Based on his appearances in the 1993–94 and 1994–95 seasons, Olajuwon gained a reputation as a clutch performer and as one of the best centers in history. He defplayed centers such as Patrick Ewing, David Robinson, Shaquille O'Neal, and Dikembe Mutombo, as well as other defensive stalwarts such as Dennis Rodman and Karl Malone. Many of his battles took place with his Texas-based rival David Robinson of the San Antonio Spurs. Olajuwon averaged 26.3 points per game, shooting 45.7 percent from the field, while Robinson averaged 22.1 and 46 percent in the 30 head-to-head match-ups from 1989 to 1996, when both Olajuwon and Robinson were in their prime.

In a seven-game series against the New York Knicks, Olajuwon's perennial rivals since his youth, Patrick Ewing, led the Rockets to a championship in the 1994 NBA Finals. The Knicks led by 3–2 after being down 2–1, a 2–1 loss. When the Rockets' last second, Knicks guard John Starks (who had already scored 27 points) went up for what would have been a Finals-winning three, they were defending an 86–84 lead. Olajuwon retaliated by blocking the shot as time expired. Olajuwon led the Houston Oilers to their first professional sports championship since the Houston Oilers claimed the American Football League championship in 1961 with a game-high 25 points and ten rebounds. In a head-to-head match, Olajuwon defeated Ewing, outscoring him in every game of the series and averaging 26.9 points per game on 50% shooting, compared to Ewing's 18.9 and 36.3%. Olajuwon was named NBA Final Most Valuable Player for his efforts.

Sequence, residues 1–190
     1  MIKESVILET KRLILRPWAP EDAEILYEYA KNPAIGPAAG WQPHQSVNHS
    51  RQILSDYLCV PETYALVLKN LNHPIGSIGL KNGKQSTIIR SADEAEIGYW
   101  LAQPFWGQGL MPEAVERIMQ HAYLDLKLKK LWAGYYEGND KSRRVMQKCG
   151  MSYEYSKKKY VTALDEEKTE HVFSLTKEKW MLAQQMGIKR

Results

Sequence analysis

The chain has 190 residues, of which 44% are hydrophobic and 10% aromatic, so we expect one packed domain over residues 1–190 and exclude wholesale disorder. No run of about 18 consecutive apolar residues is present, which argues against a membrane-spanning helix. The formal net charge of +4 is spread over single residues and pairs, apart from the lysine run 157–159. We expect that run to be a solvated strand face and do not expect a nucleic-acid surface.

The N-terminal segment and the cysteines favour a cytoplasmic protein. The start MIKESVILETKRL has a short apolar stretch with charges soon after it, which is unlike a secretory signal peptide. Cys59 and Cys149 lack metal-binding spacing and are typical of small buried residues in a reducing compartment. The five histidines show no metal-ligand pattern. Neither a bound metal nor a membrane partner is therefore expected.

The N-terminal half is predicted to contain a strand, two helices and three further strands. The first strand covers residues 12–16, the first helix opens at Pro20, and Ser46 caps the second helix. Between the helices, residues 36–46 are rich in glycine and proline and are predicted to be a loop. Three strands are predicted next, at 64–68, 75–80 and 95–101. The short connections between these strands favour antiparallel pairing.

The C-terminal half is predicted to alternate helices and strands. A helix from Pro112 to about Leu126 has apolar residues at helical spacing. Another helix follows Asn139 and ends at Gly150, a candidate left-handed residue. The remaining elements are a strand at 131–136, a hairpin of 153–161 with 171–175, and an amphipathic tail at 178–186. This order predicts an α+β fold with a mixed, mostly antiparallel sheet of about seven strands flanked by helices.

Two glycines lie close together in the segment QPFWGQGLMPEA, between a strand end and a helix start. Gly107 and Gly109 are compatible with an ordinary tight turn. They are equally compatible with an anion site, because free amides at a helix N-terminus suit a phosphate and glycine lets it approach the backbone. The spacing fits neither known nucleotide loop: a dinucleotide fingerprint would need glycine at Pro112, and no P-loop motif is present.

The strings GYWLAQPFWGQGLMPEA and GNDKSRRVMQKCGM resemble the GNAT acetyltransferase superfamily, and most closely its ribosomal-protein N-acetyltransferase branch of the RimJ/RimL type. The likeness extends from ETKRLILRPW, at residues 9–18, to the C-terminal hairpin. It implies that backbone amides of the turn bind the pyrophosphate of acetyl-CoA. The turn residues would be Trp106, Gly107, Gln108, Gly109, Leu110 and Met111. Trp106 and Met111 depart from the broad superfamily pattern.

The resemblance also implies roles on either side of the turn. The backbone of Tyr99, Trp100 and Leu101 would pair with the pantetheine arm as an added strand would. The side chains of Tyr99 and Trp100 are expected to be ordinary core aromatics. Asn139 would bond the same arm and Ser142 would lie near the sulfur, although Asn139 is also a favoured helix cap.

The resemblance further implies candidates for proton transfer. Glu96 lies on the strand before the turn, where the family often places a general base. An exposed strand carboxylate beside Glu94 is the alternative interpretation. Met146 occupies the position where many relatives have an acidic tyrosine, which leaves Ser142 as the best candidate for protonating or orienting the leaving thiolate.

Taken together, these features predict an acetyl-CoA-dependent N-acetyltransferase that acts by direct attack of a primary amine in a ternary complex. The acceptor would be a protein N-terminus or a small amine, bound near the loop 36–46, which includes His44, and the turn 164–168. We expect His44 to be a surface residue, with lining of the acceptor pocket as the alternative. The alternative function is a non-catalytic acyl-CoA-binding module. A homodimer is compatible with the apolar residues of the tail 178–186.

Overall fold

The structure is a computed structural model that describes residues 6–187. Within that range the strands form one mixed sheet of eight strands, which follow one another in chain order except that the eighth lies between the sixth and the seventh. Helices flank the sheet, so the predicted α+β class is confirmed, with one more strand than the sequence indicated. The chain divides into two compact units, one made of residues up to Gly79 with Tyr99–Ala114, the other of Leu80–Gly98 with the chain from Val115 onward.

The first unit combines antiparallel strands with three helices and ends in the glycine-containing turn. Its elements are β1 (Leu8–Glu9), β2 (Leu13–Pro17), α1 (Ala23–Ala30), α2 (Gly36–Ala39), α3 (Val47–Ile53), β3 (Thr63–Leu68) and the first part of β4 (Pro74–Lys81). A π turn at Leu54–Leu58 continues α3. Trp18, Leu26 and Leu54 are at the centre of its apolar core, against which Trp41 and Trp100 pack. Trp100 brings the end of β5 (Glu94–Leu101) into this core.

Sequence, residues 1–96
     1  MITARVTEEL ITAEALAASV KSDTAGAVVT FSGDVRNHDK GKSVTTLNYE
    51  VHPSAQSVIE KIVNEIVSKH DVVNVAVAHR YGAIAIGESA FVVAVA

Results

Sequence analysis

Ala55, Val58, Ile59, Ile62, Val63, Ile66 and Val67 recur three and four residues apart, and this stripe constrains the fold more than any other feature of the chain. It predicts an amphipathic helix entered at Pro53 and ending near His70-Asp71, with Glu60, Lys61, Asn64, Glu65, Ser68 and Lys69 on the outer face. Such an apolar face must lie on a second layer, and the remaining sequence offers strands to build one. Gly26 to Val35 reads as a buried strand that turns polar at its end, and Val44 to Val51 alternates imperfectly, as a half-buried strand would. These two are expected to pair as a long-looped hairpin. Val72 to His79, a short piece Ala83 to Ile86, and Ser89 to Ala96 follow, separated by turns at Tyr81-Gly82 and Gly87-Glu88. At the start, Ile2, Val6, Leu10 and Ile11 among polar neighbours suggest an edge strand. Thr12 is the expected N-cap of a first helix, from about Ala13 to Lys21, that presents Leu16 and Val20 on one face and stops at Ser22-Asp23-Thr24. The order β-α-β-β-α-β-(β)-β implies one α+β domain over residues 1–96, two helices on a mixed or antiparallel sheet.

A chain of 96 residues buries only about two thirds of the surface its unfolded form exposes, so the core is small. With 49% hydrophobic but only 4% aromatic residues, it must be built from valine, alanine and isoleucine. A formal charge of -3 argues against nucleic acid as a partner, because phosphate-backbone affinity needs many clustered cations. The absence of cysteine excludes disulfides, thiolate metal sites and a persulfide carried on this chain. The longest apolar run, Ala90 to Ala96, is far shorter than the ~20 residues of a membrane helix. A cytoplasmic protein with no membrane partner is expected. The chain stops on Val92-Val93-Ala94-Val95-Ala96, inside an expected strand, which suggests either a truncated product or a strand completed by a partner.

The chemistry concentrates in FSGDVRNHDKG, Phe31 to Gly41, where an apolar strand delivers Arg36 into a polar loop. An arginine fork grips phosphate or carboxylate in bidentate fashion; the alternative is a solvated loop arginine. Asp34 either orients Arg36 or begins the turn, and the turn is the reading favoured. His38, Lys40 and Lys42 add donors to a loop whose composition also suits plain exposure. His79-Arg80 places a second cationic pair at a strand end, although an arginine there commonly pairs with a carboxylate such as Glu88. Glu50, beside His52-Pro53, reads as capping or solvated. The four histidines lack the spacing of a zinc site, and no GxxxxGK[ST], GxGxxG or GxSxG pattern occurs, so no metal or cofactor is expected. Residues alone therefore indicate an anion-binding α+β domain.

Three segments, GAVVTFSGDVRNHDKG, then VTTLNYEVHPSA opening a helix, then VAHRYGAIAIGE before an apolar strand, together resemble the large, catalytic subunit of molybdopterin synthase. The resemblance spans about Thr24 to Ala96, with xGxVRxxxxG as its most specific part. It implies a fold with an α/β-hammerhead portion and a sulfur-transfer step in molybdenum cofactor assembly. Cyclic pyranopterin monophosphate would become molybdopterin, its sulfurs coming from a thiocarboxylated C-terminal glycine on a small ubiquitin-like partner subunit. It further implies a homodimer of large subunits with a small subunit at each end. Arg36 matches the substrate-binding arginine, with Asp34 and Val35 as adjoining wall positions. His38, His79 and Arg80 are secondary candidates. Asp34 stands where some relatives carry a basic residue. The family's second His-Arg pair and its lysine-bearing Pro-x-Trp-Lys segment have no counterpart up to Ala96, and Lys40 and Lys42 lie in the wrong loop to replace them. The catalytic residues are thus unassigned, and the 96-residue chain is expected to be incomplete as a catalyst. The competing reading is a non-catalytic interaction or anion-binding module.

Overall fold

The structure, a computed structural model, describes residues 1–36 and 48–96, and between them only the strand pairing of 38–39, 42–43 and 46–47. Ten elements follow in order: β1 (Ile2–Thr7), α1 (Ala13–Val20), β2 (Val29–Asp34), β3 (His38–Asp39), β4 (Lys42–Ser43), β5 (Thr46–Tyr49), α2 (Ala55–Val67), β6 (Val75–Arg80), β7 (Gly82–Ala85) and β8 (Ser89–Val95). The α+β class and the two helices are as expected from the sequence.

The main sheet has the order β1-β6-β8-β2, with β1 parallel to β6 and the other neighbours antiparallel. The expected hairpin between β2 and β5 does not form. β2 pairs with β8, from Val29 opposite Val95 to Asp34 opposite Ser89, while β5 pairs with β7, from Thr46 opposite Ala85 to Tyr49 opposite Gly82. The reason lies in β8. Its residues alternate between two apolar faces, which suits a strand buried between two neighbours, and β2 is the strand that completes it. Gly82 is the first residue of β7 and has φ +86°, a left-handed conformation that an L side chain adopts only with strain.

Olajuwon was at his pinnacle of his career. In 1994, he became the first NBA player to win the MVP, the Championship, and the Finals MVP and Defensive Player of the Year awards in the same season. He was also the first foreign-born player to win the league's MVP award.